Cabinet secretaries are the public faces of their agencies, and as part of their official work do outreach to groups, lawmakers and other stakeholders that impact their work. Interior, which oversees the Park Service and roughly 600 million acres of federal land, much in the West, does require lots of travel for leaders.
On a department webpage dedicated to Zinke’s excursions called “On the road with Secretary Zinke,” he says it’s important that he spends time with those who work on public lands “to learn more about their challenges, where opportunities are, and how Washington can make their job easier and their mission achievable.”
Zinke’s schedule – or the parts of his schedule made public through various watchdog lawsuits – shows that Zinke often mixes political meetings with high-end accommodations and official duty on his trips, and has booked or tried to book charter flights for his travels.
Meeting with the NRA
The NRA is composed of gun owners, many who use public lands. But it is also a powerful political lobbying group that strongly supports gun rights.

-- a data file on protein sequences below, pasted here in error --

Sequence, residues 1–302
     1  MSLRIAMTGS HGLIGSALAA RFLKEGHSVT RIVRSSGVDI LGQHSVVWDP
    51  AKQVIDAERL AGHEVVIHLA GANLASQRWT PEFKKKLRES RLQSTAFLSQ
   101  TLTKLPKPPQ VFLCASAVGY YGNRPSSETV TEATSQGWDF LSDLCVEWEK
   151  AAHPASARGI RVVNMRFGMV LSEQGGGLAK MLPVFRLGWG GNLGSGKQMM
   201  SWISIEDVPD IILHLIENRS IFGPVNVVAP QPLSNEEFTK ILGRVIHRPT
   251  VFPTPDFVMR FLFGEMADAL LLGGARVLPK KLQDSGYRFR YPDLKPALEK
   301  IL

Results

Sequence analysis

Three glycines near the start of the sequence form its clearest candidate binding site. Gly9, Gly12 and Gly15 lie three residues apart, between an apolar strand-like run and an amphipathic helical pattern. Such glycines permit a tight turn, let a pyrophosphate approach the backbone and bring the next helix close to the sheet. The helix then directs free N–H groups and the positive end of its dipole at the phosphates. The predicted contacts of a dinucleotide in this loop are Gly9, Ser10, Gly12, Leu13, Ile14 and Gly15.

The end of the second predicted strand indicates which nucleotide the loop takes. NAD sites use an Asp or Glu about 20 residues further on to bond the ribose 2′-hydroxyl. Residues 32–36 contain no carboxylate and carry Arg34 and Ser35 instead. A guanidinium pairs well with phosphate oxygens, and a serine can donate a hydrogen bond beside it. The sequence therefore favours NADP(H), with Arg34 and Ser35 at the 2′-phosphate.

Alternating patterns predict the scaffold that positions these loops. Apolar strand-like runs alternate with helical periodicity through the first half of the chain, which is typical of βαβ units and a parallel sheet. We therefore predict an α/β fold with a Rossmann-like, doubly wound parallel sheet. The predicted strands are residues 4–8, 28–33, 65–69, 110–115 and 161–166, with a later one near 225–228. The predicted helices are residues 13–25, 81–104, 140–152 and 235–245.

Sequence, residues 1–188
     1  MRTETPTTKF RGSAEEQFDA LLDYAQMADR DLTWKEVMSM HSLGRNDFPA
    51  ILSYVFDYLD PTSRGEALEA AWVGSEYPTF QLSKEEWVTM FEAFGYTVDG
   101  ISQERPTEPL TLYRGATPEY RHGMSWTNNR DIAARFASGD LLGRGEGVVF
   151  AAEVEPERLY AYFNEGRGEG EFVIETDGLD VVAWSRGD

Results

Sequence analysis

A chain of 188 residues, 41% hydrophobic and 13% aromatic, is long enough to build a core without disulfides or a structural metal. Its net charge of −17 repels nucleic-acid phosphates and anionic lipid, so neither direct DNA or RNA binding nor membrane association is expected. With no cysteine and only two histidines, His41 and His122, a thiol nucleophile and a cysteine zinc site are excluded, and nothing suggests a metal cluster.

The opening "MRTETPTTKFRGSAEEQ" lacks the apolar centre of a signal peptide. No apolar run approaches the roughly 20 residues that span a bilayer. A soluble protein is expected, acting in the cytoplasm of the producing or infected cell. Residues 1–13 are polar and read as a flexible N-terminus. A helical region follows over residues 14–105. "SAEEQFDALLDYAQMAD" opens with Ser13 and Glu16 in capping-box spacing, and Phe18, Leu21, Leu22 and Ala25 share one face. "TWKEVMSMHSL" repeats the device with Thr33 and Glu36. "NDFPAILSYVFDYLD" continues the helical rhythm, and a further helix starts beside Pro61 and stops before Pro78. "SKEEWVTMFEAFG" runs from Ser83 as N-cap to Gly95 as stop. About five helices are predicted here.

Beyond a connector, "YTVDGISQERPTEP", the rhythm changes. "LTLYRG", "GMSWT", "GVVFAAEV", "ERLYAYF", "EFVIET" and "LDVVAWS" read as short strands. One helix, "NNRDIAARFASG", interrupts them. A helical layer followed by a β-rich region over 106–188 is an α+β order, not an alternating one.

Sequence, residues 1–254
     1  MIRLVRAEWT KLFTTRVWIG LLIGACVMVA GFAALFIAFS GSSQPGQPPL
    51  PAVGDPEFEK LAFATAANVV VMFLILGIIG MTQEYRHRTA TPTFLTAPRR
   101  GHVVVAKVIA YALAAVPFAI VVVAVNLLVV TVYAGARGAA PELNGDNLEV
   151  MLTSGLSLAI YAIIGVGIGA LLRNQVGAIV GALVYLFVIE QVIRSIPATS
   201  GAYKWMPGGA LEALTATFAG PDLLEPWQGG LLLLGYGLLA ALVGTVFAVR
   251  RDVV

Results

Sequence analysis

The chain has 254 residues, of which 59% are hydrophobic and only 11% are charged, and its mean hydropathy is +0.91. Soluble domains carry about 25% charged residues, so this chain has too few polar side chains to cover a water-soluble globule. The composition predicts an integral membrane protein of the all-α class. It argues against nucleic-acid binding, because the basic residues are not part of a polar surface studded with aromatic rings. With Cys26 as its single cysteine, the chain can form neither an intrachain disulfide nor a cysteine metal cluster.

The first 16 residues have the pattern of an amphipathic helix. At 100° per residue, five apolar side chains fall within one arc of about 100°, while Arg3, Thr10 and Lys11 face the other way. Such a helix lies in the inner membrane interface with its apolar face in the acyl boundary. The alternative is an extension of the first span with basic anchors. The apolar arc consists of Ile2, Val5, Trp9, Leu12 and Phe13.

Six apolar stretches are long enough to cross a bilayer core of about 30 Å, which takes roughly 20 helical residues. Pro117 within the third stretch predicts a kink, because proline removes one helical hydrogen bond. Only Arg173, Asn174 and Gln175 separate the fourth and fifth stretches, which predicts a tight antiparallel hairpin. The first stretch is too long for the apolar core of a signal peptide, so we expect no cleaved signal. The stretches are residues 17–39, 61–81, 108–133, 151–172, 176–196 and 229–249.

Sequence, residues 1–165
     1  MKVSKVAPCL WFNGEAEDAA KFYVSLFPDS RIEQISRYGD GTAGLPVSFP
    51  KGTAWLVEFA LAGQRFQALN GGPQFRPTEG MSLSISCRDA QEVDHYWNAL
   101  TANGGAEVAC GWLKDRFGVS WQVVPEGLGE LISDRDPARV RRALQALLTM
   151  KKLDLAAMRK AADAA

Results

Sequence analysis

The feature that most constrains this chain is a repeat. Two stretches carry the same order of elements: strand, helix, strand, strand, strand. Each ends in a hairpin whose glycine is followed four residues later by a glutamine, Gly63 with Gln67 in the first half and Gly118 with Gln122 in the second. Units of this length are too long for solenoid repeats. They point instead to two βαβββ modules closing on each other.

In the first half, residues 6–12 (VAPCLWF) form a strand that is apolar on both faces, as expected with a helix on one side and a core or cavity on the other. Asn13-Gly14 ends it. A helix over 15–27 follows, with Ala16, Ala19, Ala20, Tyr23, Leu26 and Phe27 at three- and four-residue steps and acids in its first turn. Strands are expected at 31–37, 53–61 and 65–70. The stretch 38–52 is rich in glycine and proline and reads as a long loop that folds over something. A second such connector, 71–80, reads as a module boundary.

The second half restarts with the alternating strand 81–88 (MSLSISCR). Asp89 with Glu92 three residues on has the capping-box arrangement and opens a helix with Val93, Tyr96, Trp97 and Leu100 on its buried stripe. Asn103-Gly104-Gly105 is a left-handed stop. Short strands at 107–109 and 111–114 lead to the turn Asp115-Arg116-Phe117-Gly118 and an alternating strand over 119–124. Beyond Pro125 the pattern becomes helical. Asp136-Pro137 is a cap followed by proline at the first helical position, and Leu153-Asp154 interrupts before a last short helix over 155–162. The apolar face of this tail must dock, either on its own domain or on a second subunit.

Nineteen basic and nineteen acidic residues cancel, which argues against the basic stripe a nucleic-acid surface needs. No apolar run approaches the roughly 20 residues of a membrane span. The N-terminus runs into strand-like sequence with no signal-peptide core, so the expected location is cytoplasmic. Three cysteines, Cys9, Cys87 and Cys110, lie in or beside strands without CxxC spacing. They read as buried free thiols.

Zinke’s ties to the group predate his time in the Trump Cabinet – the NRA contributed at least $4,000 to Zinke’s successful 2016 campaign for re-election to the US House from Montana. When Zinke was confirmed for the Interior job, the NRA called him “good news for gun owners” who “have a friend in Ryan Zinke.”
Interior advance staff requested the Four Seasons so Zinke would “have a base of operations that is close and easily accessible” to the event “and its attendees,” according to an agency memo dated September 18, 2017, which was made public in response to Freedom of Information Act request. The memo says the Four Seasons offered a rate of $195 per night, which was $60 higher than the government rate.
While in Dallas, Zinke attended a “NRA Luncheon with Community Leaders” at an upscale office park. The group included Susan LaPierre, wife of NRA executive vice president Wayne LaPierre and a board member of the National Park Foundation; Trevor Ahlberg, a big-game hunting enthusiast and Republican donor; Trump campaign fundraisers Tommy Hicks and Gentry Beach; and Ray Washburne, a Dallas restaurant operator who the Trump administration picked to lead the Overseas Private Investment Corp., according to his schedule.
“Secretary Zinke seems to think that he’s still on the campaign trail. There is a time and place for rubbing elbows with donors and generally that is not when officials are conducting official government business,” said Scott Amey, general counsel for the nonpartisan watchdog group Project for Government Oversight. “This administration needs to run the government and stop cozying up to donors with future elections in mind.”